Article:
Reserve Bank of Australia Rate Cut Odds Are Soaring [Chart]

Australia's weak September quarter annual core inflation figure of just 2.15 per cent, the slowest annual increase since the June quarter of 2012, has certainly created a stir in the markets.

The Australian dollar has been smoked and the ASX 200 is now in positive territory, a stark reversal to what was seen prior to the release of the inflation report.

The chief reason for the reversal in both the Australian dollar and stocks is the increased expectation that the weak inflation read may prompt the Reserve Bank of Australia (RBA) to cut the official cash rate to just 1.75% when it meets next week.

Cash rate futures put the odds of a 25 basis point rate cut in November at just 31 per cent at the close of trade yesterday.

Now, in the wake of inflation report, those odds have surged to 62 per cent.

While the majority of economists still believe that the RBA will leave the cash rate at 2.0 per cent, the majority in markets now deem a rate cut as the most likely scenario.

Given recent out-of-cycle mortgage rate increases from Australia’s largest banks, something that has tightened financial conditions for the majority of Australian households, there is absolutely nothing in the inflation report to prevent the RBA from reducing interest rates next week.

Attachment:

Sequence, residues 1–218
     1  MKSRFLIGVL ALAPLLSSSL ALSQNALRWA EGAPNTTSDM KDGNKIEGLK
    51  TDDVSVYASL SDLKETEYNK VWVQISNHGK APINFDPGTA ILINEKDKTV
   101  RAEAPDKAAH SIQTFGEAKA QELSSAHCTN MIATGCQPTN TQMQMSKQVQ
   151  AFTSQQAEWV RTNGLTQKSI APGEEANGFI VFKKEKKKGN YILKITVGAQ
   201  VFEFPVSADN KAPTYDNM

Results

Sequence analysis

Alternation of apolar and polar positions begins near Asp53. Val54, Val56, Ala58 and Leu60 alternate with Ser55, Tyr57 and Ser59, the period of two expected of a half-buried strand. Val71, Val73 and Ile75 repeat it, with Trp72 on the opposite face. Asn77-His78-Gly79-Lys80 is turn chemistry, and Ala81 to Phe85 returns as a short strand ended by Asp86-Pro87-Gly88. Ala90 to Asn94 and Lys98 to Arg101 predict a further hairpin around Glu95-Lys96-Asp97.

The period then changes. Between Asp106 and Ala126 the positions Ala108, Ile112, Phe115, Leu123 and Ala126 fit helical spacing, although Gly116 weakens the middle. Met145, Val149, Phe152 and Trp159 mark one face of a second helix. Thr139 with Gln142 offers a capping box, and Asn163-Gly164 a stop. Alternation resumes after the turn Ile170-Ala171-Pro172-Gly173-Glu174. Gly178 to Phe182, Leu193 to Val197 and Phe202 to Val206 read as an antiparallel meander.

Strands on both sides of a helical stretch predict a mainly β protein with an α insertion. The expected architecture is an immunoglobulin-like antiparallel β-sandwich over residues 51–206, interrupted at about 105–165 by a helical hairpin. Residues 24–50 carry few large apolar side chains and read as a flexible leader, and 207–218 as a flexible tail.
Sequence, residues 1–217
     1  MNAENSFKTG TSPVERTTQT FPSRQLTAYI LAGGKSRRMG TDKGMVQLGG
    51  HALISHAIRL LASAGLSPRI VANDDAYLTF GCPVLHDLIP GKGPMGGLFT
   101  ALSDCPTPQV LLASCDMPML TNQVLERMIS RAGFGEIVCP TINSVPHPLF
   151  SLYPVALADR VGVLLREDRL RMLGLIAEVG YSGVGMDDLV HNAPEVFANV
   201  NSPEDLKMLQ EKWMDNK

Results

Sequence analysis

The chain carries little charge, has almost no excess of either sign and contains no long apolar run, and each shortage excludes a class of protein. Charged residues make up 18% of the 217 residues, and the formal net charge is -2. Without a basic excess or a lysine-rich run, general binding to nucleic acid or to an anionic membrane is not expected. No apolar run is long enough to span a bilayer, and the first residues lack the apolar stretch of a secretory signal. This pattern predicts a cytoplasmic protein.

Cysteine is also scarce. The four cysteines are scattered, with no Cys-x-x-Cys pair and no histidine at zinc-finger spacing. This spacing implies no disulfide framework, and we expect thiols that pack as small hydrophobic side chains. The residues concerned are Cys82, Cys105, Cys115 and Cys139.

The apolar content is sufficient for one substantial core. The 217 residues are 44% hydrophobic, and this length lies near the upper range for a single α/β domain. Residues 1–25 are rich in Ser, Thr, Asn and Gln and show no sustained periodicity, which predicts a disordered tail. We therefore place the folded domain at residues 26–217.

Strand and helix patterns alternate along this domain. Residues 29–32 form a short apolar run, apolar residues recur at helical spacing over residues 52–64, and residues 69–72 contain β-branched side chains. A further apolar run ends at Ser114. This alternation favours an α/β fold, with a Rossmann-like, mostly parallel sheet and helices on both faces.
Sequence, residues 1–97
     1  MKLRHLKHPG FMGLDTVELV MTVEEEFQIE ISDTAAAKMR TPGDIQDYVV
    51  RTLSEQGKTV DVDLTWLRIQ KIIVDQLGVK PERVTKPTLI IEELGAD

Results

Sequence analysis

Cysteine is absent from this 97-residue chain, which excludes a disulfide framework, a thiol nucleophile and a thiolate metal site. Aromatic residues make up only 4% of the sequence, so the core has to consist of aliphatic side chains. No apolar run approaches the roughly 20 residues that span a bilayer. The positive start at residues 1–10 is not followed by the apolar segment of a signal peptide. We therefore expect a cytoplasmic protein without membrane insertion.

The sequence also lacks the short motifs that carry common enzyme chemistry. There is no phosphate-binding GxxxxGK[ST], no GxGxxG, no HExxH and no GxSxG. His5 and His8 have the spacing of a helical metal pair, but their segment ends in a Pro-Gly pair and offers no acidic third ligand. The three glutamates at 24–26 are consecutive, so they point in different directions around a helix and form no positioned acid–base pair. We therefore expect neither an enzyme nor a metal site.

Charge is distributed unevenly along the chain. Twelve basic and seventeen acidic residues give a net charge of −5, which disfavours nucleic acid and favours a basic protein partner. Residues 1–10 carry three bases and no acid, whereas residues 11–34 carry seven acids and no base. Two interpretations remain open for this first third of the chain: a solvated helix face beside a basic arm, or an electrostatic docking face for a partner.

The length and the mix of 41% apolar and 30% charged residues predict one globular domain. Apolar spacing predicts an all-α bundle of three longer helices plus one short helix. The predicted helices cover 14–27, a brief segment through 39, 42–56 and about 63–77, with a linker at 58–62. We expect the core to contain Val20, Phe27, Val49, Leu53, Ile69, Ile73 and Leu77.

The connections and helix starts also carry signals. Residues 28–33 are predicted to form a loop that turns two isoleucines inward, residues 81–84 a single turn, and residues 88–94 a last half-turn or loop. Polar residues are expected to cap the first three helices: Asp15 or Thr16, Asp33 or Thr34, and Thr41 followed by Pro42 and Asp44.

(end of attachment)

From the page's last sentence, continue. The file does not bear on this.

This article first appeared on Business Insider Australia


Comments

    You are getting odds and probability mixed up. Odds are never expressed as percentages whereas probabilities can be expressed as percentages. Also, odds are the inverse of probability.

    Cash rate futures put the odds of a 25 basis point rate cut in November at just 31 per cent at the close of trade yesterday.

    For example, to make it easier, let's say the probability in this case was 33.3% instead of 31%. The odds against rate cut in this case would be 2:1 or 2 to 1.

    Now, in the wake of inflation report, those odds have surged to 62 per cent.

    Assume that the figure is 66.6% instead of 62%, and then the odds against rate cut would be 1:2 or 1 to 2.

    So, the odds have actually DECREASED when the probability has INCREASED. Odds hasn't soared, but rather tanked.

    I'd take those odds: jobs aren't looking too bad, they're nervous about the housing market, the US is still on the fence about a rate rise, China's figures weren't that bad and the currency needs to stay down. (Note: not an expert)

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